Jason Y. Wood's blog
While the briny tang of a raw oyster slipping across the tongue is a distant memory come summertime (for those who still abide by those rules), it’s high time to turn your thoughts to other seasonal delectations. Enter the softshell crab for an all-too-short visit: Flavor and texture are at their peak from now until August, and, as usual, the simplest recipe is the best with the freshest seafood.
The fish are out there. Or more accurately, down there, out of sight. And while sometimes it’s just nice to get out and chase them around, striving to improve your chances of hooking up makes your time, fuel, and gear investments look a little more worthwhile. That’s where Mitch Roffer, PhD, comes in. Roffer founded Roffer’s Ocean Fishing Forecasting Service (ROFFS) to help take a chunk of guesswork out of anglers’ offshore fishing experience. And if you’ve got sea-surface temperature charts on your MFD, or are thinking about getting them, you need to know what Roffer has to say.
There’s something to be said for grilling or eating fresh food aboard. But sometimes, thanks to a late arrival to an anchorage due to challenging conditions, or better yet, too-good-to-leave-on-time conditions at your last stop, it’s good to have an easy backup plan for a great meal—you know you can do better than hot dogs or a can of Dinty Moore. What better dish to have on hand than a frozen pot pie?
photo courtesy of Riva Yacht
To answer this blog’s titular question in short: Of course it does. The real question, masked by that rhetorical one, is “How much does yacht design matter?” It matters to boaters, and to those who are thoughtful enough to understand the importance of boat design in the greater context of how it represents and reminds us of our collective past, and how its halo affects other kinds of design.
One night in the well-lit rivers and canals of Fort Lauderdale (during the boat show, no less) gave me a sense of what boaters can’t see when they rely on the naked eye. Seems that the docklights, street lamps, and hotel-walkway lights could confuse boaters nearly as much as they help, thanks to the glare and reflections. But I really didn’t know what I was missing until I was able to compare the view through a FLIR thermal-imaging camera. I brought my own video camera along to see what its lens recorded of the view from the bow and what I could see on the thermal-imaging display. See for yourself how they match up here.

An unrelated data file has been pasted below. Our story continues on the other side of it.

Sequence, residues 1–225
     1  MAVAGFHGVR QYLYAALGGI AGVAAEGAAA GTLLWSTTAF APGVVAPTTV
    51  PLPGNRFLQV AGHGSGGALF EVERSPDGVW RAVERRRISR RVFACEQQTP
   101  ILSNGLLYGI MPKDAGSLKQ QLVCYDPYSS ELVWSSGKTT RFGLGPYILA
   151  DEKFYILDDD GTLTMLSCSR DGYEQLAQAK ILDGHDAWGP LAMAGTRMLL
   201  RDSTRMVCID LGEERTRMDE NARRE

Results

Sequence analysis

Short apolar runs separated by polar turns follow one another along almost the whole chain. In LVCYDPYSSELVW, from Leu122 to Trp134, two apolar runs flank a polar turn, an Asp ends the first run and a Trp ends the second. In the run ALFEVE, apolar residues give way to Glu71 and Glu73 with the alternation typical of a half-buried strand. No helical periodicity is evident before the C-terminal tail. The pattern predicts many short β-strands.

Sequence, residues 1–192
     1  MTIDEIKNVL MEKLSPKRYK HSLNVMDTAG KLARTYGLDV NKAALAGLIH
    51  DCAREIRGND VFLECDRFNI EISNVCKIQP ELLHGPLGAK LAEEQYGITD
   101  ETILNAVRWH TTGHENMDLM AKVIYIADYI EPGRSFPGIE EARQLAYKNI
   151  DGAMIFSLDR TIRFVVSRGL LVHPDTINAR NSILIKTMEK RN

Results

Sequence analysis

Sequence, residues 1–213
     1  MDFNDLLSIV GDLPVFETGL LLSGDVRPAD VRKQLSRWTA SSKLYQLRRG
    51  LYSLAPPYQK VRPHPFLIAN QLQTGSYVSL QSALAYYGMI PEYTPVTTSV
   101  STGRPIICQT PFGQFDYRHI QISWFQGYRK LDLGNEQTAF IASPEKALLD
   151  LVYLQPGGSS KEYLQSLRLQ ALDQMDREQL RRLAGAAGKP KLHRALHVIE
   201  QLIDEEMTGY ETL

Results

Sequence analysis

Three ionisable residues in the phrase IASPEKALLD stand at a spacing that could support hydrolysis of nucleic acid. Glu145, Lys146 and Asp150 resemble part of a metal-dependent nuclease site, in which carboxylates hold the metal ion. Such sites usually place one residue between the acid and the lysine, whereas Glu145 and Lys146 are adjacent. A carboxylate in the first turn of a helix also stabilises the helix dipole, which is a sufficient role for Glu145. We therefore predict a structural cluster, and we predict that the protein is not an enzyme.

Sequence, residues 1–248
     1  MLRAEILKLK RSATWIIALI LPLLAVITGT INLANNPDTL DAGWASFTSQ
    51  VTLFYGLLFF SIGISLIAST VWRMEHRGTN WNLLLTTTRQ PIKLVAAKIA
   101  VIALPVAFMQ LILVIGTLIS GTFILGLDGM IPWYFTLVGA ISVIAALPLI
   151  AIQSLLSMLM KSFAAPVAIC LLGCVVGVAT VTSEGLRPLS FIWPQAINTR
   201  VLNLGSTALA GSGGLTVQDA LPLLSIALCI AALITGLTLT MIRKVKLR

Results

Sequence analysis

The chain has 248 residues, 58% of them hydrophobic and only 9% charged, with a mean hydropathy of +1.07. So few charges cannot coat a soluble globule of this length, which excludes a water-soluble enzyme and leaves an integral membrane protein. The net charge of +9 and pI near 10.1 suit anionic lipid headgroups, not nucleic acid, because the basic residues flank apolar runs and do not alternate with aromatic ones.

I had the good fortune to attend the NMEA International Conference and Expo, where manufacturers put their best foot forward and give dealers and media a peek at what’s new.
As summer winds down, the kids in your life will start thinking about the school lunch program, playing organized sports, and, yes, even classes and books. What does this mean to you? It’s a stark reminder that your opportunities to get out on the water with those young people will be even more limited.
The heat of late July had settled into every crevice and shadow in the urban canyons of Manhattan. Just when I thought it was too late to escape, the invitation came through the mail slot on a salt-tinged zephyr: “Join us on Nantucket.” I had been saved by the kind folks at Hinckley, who hosted a rendezvous for their owners at Nantucket Boat Basin.
In January, the FCC granted a conditional waiver to a broadband wireless communications provider called LightSquared to permit expansion of the land-based use of the mobile satellite spectrum. In plain English, this private company’s cellular system may interfere with the weak GPS signal our electronics use for positioning. The public comment period ends on Saturday. Fill in the form completely—it needs your address to locate your Congressional representatives. Click here to speak up now.